|This is the best book cover for the book that I found.
Wish I could snag a copy with this cover someday.
I really don’t have a system for discovering new books. I’m not one of those people who scours the web for new good reads, checks out the what’s popular on every bookstore type. Most of the stuff I read were just books I found scattered on Powerbooks (i.e. The Girl Who Kicked the Hornet’s Nest–it was only after about 2 months since I finished the third book that I learned it was a trilogy– and Para Kay B), and things I happen to pick up at secondhand bookstores and at book sales. The Door into Summer, however, is the favorite book of one of my English students and he just keeps talking about it, and since I’m also into science fiction, I finally checked it out.
The Door into Summer is time travel-paradox story set in 1970 and 2000. It is about Dan Davis, a thirty-something mechanical engineer, who gets swindled by his business partner and evil fiancee out of his own company. Said fiancee then tricks him into spending thirty years in suspended animation. And when he wakes up in the year 2000, he ventures into finding his Door into Summer
The worst part of reading “past” science fiction novels is that the “future” is now. All of the things that are happening in Heinlein’s year 2000 is far from happening, even in 2012. The book talks a lot about robots since Dan is a mechanical engineer, and the robots of today are a long shot away from doing what Heinlein imagined–well, as far as public knowledge goes, anyway. And there are a bajillion other things he got wrong about the year 2000: they still haven’t found a way to eliminate the cold virus and while we do have dishes that lets the food stay warm until forever, it’s not used in everyday life.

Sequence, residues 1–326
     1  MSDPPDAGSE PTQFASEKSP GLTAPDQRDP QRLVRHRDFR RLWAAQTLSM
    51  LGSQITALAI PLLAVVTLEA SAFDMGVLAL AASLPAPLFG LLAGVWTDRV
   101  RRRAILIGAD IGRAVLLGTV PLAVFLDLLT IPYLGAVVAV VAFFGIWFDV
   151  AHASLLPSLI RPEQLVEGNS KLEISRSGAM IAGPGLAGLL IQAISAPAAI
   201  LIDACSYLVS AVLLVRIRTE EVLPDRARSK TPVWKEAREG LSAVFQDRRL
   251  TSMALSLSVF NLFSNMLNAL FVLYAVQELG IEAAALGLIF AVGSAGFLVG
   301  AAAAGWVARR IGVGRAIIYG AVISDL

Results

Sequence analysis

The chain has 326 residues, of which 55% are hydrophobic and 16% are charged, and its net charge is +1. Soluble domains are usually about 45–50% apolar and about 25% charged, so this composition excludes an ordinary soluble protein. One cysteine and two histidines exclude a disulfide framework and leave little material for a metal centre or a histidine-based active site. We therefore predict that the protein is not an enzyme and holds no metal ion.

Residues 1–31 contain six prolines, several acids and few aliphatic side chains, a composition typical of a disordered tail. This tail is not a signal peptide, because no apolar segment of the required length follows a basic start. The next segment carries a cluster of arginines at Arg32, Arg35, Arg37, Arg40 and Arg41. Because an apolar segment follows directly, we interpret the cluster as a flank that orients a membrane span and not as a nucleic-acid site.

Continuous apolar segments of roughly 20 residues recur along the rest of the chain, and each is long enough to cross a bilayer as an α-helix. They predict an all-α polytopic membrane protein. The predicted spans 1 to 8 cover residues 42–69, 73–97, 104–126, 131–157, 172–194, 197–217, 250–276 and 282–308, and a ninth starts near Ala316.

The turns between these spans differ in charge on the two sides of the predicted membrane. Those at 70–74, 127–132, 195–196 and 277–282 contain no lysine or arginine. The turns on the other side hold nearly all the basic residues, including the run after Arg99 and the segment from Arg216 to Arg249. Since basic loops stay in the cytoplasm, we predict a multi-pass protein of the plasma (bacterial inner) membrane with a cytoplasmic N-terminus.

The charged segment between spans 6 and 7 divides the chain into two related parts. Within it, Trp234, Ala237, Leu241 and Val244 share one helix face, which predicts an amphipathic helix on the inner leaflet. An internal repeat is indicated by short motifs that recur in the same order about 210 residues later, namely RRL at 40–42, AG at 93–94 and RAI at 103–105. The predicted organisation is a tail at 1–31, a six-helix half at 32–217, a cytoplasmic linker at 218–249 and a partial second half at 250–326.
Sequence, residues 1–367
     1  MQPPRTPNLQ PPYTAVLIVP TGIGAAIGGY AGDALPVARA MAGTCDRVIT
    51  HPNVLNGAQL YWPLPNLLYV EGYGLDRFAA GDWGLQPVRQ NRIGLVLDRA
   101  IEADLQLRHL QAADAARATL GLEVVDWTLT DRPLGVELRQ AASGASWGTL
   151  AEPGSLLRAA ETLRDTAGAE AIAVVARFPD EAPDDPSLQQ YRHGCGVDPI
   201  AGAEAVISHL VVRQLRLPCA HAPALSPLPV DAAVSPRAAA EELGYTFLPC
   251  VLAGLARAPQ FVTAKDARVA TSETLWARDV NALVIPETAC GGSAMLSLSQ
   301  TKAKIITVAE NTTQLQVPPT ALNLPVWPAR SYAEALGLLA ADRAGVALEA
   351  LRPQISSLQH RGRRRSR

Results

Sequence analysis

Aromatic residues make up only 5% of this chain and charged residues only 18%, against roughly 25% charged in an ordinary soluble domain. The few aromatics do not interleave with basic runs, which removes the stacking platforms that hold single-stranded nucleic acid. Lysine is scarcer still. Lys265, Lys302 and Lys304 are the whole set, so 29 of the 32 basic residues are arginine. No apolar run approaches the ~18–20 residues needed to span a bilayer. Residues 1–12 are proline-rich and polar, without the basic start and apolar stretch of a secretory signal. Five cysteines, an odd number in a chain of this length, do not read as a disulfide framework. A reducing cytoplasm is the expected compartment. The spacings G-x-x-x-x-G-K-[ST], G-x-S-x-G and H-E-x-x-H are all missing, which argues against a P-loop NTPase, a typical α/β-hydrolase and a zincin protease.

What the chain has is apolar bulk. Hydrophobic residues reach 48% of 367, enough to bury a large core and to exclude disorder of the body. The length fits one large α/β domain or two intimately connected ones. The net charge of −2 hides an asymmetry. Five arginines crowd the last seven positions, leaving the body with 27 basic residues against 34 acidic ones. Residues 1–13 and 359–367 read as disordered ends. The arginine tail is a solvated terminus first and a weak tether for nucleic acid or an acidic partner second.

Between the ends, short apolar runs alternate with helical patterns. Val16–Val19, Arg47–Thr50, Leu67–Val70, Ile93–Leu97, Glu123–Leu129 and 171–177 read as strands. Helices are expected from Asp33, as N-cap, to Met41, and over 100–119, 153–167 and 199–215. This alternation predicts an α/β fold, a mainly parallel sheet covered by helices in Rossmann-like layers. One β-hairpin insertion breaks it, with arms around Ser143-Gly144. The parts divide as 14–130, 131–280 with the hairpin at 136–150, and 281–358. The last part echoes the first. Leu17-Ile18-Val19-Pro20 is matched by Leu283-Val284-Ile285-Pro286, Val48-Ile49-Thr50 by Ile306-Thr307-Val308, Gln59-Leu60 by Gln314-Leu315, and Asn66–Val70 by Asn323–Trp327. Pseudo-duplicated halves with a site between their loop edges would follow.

And I can find a dozen more flaws in the book–like the fact that the book is dedicated to ailurophiles, I hate cats, and that it has a creepy love story which I won’t talk about because spoilers–but I enjoyed it anyhow. Maybe it’s because I have a soft spot for time travel stories which, ultimately, is what the book really is about. And it’s kind of nice to take a break from all the dystopic future books and have a hopeful, cheery, and optimistic one. Heinlein’s future isn’t exactly Disney, Meet the Robinsons style, but I believe this future is the one that will eventually get there.
It is an extremely readable book. It’s also very short since I finished it overnight. This is my first Heinlein book and it made me want to read more of his works. Who knows, maybe he would get there on top of my list with Sidney Sheldon, Mary Higgins-Clark, and David Zindell. In fact, after I googled him, I believe that there’s a big chance of that happening.
If you do happen to decide to read the book, will you give me your take on Dan’s love story?
Whatever the truth about this world, I like it. I’ve found my Door into Summer and I would not time travel again for fear of getting off at the wrong station.
Dan Davis, Door into Summer